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Compost Powered UnderFloor Heating System -- Is this the right forum?

 
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First off apologises if this in't the correct forum for this topic, I could not find one I considered 'correct' and thus went with one I thought suitable.

So overall details, followed by my questions/issues;
I am building a Cob Shed in my garden, it is acting as a prototype design that will allow me to explore various systems designed for sustainability. One of these systems is the use of Under-Floor Heating within a Cob floor; the compost power simply refers to the method in which I am heating the water tank within the building. I am an electronics engineer so in general am pretty happy with the solar/electrical side of my designs. I am also generally good at understanding systems along with the physical builds. However I have only been developing the UFH system for a few weeks, so still gathering my information. I am hoping to access some of the potential here on the Permies forums (long time lurker).

I am torn between two methods;
  • Buying a prebuilt system (- So a Pump, Thermomixing valve, manifold, piping...etc) and simply installing it along with my extra sensors.
  • Or designing my own using a pump, thermostatic mixing valve and such; except with alterations to better suit the overall building systems (DC pump - allowing varying speed as well as not being mains AC powered, stepper controlled valves - for true flow control).

  • My questions are to anyone with knowledge or experience with UFH systems;
  • Is there any good books or reference material for UFH sizing - specifically with regards to pump power
  • Should I be concerned with the cob shrinkage as it dries, potentially crushing/restricting the pipes within?
  • thoughts on the idea?


  • I intend to start working on this project this coming weekend (As in start digging my trenches for foundations), I hope to share all my work with everyone here as this forum has already been a plethora of information that has aided my designs. And finally My Name is Rob, hello Permies!
     
    gardener
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    Hello Rob,

    Welcome to Permies! Thanks for finally joining and sharing your project.

    Now, for your questions, sadly I don't have any experience with UFH but I do have some with composting, and like you, I am a engineer. (I'm actually a chemical engineer, but try and use my knowledge for 'good' causes) Let me get try and help you with some of your questions:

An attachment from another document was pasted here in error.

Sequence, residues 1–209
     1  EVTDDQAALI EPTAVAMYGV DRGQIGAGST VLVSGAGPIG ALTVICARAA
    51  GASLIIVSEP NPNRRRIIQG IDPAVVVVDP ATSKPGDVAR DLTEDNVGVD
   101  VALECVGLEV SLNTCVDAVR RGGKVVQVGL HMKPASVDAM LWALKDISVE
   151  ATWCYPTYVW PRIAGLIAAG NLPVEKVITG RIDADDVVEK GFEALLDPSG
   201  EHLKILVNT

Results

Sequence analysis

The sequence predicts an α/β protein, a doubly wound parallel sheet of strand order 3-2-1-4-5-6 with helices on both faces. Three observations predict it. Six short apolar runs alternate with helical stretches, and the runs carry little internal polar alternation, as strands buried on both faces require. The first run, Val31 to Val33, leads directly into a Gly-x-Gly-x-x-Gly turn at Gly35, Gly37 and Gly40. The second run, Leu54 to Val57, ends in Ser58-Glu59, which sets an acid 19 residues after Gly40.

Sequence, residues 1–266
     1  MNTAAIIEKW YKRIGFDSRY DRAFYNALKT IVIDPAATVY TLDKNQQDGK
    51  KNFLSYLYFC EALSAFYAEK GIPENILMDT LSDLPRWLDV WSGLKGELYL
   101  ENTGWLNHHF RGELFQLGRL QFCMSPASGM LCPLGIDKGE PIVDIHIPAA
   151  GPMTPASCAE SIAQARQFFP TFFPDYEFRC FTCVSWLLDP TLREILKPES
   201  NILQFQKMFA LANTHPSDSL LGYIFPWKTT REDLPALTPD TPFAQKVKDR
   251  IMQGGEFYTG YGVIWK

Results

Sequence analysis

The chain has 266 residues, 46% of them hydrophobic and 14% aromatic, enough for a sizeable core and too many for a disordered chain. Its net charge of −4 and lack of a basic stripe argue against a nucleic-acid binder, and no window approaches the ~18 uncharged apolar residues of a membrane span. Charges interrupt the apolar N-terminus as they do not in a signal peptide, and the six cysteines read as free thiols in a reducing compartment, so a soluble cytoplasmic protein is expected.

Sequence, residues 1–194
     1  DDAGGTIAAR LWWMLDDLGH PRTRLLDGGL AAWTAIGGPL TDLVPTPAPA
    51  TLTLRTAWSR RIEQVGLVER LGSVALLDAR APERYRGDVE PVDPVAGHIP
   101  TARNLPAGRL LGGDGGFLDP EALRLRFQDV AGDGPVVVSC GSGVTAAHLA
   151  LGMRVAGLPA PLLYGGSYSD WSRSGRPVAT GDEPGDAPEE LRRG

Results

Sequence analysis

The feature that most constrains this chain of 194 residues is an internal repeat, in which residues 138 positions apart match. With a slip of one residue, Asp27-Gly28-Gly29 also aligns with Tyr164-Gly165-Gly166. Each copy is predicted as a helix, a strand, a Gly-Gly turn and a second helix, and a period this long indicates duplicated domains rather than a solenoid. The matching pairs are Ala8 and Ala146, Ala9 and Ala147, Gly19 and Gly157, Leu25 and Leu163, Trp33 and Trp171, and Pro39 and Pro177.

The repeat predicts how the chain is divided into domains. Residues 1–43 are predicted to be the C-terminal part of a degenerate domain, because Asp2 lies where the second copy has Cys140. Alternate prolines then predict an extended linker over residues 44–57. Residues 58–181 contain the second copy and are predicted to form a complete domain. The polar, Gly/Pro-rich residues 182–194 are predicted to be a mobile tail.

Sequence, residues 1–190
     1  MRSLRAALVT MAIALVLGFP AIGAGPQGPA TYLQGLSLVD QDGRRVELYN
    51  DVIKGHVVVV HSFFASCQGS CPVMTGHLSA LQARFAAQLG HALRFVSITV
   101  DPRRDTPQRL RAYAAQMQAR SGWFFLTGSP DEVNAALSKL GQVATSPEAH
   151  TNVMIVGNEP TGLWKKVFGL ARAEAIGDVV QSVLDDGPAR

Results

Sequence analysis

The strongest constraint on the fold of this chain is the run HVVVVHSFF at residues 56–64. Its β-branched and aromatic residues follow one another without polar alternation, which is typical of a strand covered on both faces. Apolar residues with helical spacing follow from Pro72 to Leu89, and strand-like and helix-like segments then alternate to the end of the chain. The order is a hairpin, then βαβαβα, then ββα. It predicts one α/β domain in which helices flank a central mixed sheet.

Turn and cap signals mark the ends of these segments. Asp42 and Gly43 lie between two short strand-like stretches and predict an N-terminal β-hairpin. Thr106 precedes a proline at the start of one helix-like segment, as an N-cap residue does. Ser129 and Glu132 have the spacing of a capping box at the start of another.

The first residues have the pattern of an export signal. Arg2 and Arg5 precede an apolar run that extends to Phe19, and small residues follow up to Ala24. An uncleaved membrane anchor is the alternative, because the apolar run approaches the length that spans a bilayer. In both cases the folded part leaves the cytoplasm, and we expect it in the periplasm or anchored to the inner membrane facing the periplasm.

Sadly, I don't know any books for under floor heating. As for pump power you typically purchase a pump based on the pump performance curve trying for the 75% efficiency range. The 75% efficiency range allows you to speed up and slow down on the performance curve. You would need to calculate your pressure drop in your proposed systems and also the desired flow rate from the amount of heat transfer you would like to do. With the flow rate and pressure drop (the pump is typically given in units of "head" which can be changed to pressure by multiplying the specific gravity of your working fluid.) you then find a manufacturers pump curves and choose the cheapest one. You can always spend more money on a bigger pump the only thing it will hurt is your pocket book.

    I've worked with cob and when it dries it does not exert pressure enough to crush thin gauge galvanized ducting. It will not crush metal piping.

    My concern for you project is more the biological/composting side.
    Your compost pile will have a lot of variability in the heating depending on what material you are able to compost. If you are able to get consistent material with consistent N:C ratio, then great! If you are using the material around you as is comes you will have a lot of variability in your system. In addition getting enough compostable material. Thus, I believe it will be compost limiting rather than pump/tubing limiting.

    Before doing a lot of calculations, I would recommend getting some systematic experience first: getting a inexpensive water circulating pump (water recirculator (small) or someones broken hot tub pump (big), Craigslist maybe), cheap tubing and build a couple hot compost piles to get the feel for the composting cycle and variability in heat output during the compost cycling.

    Sounds like an awesome project, GL
     
    Brett Andrzejewski
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    Oh, my other thought is to build your system but not cob it in. Just put sand on the tubes at the moment. It will give you a approximate feel for how warm your system will get without the semi-permance of cob. Once your satisfied then cob it.